A solar system is said to be grid-tied when the output of the system's inverter connects directly to your utility service, as illustrated below.
The house wiring does not know what source of power it is using. The power can come from the solar panel array if there is sufficient energy being generated to meet the building’s needs, or from your utility’s grid, or from a combination of both. All of this is handled automatically and transparently by the grid-tied inverter.
The grid-tied inverter design makes this transparency possible. Before the inverter can turn on and produce power, it must sense the presence of power from the grid. The inverter must match the frequency and phase of the grid signal before it can turn on its output. With a grid-tied solar system, your solar panel output matches your utility power precisely.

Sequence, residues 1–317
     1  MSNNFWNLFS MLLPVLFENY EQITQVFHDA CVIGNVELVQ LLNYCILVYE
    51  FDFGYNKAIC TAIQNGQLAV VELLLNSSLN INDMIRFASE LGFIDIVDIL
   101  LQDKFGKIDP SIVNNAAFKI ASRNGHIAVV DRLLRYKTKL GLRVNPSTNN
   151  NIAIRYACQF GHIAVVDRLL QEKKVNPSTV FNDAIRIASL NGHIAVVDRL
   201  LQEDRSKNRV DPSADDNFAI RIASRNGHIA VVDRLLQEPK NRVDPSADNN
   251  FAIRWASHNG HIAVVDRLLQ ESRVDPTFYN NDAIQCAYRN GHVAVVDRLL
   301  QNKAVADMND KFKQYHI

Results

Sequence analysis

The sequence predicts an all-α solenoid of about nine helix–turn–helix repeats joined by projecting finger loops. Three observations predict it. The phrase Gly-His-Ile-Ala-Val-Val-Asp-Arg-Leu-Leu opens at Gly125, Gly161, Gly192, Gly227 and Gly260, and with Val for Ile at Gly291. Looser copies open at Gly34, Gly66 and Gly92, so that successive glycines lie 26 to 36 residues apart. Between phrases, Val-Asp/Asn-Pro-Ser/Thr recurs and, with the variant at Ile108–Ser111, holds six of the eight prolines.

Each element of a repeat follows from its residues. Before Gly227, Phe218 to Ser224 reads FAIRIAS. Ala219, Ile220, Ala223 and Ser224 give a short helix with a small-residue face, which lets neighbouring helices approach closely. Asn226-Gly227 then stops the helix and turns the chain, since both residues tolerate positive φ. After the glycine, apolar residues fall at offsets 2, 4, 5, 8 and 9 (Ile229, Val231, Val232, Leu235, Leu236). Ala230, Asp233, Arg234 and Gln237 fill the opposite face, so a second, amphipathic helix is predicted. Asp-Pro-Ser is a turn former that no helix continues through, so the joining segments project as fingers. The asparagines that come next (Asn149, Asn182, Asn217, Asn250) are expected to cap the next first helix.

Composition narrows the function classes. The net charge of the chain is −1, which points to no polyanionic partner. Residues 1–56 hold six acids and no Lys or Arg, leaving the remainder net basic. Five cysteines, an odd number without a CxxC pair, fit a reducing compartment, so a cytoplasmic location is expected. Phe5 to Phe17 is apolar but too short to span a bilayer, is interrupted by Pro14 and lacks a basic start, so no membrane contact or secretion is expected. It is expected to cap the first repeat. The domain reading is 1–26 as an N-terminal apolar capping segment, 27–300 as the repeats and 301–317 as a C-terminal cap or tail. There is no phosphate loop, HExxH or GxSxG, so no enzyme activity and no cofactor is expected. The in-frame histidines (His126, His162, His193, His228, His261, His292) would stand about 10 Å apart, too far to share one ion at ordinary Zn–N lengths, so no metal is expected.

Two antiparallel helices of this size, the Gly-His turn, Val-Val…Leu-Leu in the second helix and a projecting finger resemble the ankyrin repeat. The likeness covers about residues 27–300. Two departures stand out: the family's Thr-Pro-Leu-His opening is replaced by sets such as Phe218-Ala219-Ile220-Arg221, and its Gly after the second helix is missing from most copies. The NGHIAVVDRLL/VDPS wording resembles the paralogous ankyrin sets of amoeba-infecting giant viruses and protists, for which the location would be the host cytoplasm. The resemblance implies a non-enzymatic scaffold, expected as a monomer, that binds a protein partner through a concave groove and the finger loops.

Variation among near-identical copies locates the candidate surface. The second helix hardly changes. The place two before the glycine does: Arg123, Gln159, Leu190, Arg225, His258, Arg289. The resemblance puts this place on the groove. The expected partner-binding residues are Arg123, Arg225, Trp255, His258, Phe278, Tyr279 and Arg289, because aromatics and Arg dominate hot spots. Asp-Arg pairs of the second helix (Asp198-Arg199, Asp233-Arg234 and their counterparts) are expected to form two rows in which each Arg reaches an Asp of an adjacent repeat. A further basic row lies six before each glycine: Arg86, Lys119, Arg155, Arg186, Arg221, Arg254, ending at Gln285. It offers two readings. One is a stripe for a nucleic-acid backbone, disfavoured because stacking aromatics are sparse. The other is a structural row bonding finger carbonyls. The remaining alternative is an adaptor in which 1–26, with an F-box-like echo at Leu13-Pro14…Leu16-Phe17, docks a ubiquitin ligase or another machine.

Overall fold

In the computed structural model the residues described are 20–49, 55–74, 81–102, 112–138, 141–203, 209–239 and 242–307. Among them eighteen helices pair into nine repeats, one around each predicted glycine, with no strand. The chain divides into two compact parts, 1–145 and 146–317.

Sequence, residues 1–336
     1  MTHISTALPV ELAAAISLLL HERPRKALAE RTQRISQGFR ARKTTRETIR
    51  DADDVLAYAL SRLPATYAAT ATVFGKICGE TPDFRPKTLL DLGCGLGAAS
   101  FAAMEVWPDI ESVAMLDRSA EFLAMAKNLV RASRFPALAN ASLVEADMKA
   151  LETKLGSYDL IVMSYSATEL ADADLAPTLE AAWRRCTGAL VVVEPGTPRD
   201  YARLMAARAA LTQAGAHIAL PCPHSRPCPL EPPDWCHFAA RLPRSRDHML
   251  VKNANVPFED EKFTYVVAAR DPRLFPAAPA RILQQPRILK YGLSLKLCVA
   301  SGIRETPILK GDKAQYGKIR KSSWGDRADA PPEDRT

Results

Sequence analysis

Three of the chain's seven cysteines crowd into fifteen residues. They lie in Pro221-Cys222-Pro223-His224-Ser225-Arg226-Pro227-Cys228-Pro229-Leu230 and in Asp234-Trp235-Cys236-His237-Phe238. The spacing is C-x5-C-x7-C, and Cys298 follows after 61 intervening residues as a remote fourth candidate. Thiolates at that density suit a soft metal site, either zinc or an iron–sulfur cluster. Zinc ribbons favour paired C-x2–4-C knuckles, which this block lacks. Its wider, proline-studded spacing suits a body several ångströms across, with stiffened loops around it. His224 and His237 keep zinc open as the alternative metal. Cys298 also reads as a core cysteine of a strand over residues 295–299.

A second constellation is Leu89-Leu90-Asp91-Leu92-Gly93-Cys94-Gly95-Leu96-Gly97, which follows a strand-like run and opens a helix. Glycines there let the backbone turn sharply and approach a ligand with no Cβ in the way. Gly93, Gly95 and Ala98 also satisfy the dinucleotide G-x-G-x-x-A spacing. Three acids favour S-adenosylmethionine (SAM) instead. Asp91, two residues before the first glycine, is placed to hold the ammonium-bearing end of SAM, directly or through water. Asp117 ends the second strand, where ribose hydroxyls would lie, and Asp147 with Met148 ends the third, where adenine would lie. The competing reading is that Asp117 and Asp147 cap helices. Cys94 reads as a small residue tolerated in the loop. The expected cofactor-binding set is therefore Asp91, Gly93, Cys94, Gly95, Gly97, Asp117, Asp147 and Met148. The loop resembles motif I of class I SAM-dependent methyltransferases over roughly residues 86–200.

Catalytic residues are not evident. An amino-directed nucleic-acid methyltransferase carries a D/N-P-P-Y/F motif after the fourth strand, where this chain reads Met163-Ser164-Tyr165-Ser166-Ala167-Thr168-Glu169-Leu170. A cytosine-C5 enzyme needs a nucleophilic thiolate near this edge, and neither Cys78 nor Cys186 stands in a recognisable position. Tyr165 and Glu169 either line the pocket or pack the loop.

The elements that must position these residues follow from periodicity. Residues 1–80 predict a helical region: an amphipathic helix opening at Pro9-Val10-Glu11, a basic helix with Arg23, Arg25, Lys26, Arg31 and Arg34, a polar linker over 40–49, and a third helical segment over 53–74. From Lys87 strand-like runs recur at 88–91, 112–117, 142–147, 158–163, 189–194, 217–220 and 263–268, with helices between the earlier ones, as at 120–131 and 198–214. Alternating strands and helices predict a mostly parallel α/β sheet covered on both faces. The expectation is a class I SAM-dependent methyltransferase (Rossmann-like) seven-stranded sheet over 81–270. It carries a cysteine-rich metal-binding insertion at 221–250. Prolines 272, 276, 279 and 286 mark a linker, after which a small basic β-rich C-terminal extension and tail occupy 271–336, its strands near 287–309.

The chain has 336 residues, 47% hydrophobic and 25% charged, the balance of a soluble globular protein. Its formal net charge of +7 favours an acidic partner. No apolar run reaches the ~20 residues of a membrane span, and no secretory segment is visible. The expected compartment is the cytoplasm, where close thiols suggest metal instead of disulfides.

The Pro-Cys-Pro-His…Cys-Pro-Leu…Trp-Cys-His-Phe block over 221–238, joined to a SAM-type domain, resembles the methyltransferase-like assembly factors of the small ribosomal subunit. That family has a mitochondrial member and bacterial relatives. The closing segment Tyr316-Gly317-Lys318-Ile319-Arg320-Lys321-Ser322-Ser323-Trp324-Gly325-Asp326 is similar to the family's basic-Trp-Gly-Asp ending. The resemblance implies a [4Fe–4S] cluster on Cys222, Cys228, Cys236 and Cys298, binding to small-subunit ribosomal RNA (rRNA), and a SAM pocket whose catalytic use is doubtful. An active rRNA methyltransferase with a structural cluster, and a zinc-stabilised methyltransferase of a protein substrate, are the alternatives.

The illustration above shows a “string inverter.” This inverter requires a “string” of panels to be connected in series and wired to its input. The electrical characteristics of the string must be carefully matched to the inverter or the system efficiency will suffer. A well-matched string system is the most cost-effective system in terms of cost per watt. A typical string includes 12-14 panels.
One important limitation of the grid-tied solar system is that if the utility power grid goes down for any reason (storm damage, power outage, etc.) the grid-tied inverter must shut off. If your goal is to offset your conventional energy usage, the grid-tied system is completely appropriate and the most cost-effective option. If your goal is to have a source of energy in the event of a power outage, you should consider a battery back-up system.